Bryce Harper has shown interest in participating in the Home Run Derby, but it would be on one condition. You must be selected to be on the team, which is very likely for a number of reasons.
He is the best known player in the National League, having won both the Most Valuable Player and Rookie of the Year awards. Fans are very likely to pick him as the starter, despite a somewhat bad year thus far.
In the rare possibility that he doesn’t get a fan vote, Harper is sure to make the team as a reserve. Not only does he deserve it in terms of talent, but the game is played at his home stadium in Washington.
Almost forty years earlier, the last time the nation’s capital hosted the Midsummer Classic, another popular outfielder had been selected to start in front of the home team crowd. If there had been a contest like the Home Run Derby back then, this guy would surely have been one of the contestants.
After all, the Washington Senators’ Frank Howard had led the league with 44 home runs the previous year, the first of three in which he would hit the 40-homer plateau. To the delight of local fans, Howard hit one out in his first at-bat.
Unfortunately, the Senior Circuit stars had already posted three runs before Howard sank, highlighted by a two-run homer from Cincinnati wide receiver Johnny Bench in the top half of the second. An inning later, another of the dozen future Hall of Famers who played in that game, San Francisco first baseman Wilie McCovey, had a two-run blast.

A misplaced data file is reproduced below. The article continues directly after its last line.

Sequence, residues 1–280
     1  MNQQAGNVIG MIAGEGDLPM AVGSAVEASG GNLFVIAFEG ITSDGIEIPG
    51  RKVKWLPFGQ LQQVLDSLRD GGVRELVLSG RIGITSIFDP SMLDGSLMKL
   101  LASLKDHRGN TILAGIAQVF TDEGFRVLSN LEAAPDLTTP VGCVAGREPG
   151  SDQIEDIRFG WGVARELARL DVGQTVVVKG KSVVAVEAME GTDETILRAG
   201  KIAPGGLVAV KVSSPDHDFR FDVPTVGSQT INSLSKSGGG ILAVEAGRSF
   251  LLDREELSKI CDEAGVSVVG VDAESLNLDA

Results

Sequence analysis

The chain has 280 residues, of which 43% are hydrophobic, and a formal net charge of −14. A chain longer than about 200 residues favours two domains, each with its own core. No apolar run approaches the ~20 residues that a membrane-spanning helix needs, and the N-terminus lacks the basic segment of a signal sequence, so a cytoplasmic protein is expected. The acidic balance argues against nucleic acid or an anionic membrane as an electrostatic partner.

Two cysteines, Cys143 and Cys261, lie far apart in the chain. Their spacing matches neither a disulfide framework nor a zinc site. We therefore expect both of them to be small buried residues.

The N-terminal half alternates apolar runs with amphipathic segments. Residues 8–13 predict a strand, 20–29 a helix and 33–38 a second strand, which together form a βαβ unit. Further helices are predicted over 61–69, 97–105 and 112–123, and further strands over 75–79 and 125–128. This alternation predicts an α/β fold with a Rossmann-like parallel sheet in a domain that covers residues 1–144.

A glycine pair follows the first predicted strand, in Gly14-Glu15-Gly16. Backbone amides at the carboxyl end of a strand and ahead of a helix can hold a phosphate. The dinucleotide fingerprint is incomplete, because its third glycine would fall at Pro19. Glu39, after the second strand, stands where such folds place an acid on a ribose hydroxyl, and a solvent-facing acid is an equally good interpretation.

Stretch McCovey wasn’t done yet, as he threw another blast on his next at-bat. Not only was it impressive enough to put the game basically out of reach, but even more so because McCovey got along with current Cy Young Award winner Denny McLain of the Detroit Tigers. C
After hitting those two home runs, the obvious choice for the game’s MVP was McCovey. He and his fellow National League stars finished with a nine-to-three victory, continuing a streak in which the Senior Circuit won all but one of the Summer Classics in a span of seventeen years.
Fans in Washington who were disappointed that their team lost back then now expect the American League team to lose this year. DC’s new team is in the National League under a different name and a different stadium than RFK Park in 1969.
Two other things that are likely to differ in this contest reflect the way the sport has evolved over the past forty years. That last contest in Washington was played at two in the afternoon, and it only took two and a half hours to complete.
Expect the lights to be on for the contest on July 17 this year, and expect them to shine for at least four hours.